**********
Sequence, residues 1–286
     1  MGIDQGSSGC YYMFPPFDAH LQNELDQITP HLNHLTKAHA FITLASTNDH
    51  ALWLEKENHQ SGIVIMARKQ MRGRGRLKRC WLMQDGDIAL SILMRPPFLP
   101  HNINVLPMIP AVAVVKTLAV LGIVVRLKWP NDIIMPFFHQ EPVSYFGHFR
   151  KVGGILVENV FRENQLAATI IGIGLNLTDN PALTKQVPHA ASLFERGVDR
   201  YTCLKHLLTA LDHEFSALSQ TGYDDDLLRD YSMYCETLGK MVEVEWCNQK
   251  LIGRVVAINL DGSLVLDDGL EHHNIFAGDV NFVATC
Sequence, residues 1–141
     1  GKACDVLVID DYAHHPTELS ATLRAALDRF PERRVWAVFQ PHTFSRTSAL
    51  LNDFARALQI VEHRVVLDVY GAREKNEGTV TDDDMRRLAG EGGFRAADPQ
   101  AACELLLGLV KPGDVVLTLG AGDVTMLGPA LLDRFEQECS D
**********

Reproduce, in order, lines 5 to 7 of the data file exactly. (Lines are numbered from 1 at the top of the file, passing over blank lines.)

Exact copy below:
   151  KVGGILVENV FRENQLAATI IGIGLNLTDN PALTKQVPHA ASLFERGVDR
   201  YTCLKHLLTA LDHEFSALSQ TGYDDDLLRD YSMYCETLGK MVEVEWCNQK
   251  LIGRVVAINL DGSLVLDDGL EHHNIFAGDV NFVATC